The amount of surfactant used in the process according to the invention depends on the site of addition. The surfactant may, for example, already be added to the monomer solution. However, it is also possible to add the surfactant together with the surface postcrosslinker or in the course of remoisturization. The site of addition, however, has a crucial influence on the effective amount of surfactant on the surface of the water-absorbing particles. At the same time, the surfactant present on the surface of the water-absorbing particles is particularly effective in the process according to the invention.

When the surfactant, for example, is already added to the monomer solution, the amount of the surfactant used, based on the water-absorbing polymer particles, is preferably 0.005 to 0.2% by weight, more preferably 0.02 to 0.1% by weight, most preferably 0.04 to 0.06% by weight.

When the surfactant, for example, is added with the surface postcrosslinker, the amount of the surfactant used, based on the water-absorbing polymer particles, is preferably 0.001 to 0.1% by weight, more preferably 0.002 to 0.05% by weight, most preferably 0.005 to 0.02% by weight.

When the surfactant, for example, is added in the course of remoisturization, the amount of the surfactant used, based on the water-absorbing polymer particles, is preferably 0.0005 to 0.05% by weight, more preferably 0.001 to 0.02% by weight, most preferably 0.002 to 0.01% by weight.

The surfactant for use in accordance with the invention also influences the surface tension of the aqueous extract of the swollen water-absorbing polymer particles. Too low a surface tension increases the surface moisture of the diapers after liquid loading and should therefore be avoided. The amount of surfactant used should be selected such that the surface tension of the aqueous extract of the swollen water-absorbing polymer particles at 23° C. is preferably at least 0.06 N/m, more preferably at least 0.065 N/m, most preferably at least 0.072 N/m. The surface tension of the aqueous extract of the swollen water-absorbing polymer particles is determined by the method described in WO 2006/042704 A2 (page 25 lines 29 to 37).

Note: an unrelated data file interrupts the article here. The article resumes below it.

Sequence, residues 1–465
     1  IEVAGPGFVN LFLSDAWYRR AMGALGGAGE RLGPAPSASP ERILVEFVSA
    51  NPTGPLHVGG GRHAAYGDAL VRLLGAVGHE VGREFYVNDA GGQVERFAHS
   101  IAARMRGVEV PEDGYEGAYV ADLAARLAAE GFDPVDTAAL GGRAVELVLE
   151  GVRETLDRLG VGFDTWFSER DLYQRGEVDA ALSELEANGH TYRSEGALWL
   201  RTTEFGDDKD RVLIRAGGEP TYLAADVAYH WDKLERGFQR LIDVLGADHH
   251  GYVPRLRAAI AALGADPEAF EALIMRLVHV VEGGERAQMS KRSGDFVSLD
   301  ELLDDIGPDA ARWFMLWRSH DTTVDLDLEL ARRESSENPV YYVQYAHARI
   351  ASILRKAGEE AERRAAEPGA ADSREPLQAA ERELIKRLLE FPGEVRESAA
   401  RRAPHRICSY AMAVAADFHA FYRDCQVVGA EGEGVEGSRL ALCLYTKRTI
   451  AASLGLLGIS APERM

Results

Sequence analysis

During operation, the bar magnets become laden with metallic impurities and adhering water-absorbing polymer particles and therefore have to be cleaned regularly. To this end, the bar magnets are removed from the product mass flow, and the adhering metallic impurities and water-absorbing polymer particles are removed, for example by means of a vacuum cleaner. A disadvantage here is that the bar magnets can thus be cleaned only with very great difficulty.

For easier cleaning, bar magnets in additional, detachable sleeves made from a nonmagnetizable material, for example stainless steel, can be used. Material deposited on the additional sleeves can be removed easily by pulling out the bar magnets. Such systems are obtainable, for example, under the name EASY CLEAN cleanability system (S+S Separation and Sorting Technology GmbH, Schönberg, Germany). A disadvantage here is that the magnetic field strength at the active surface and hence the deposition rate decrease as a result of the use of the additional sleeves.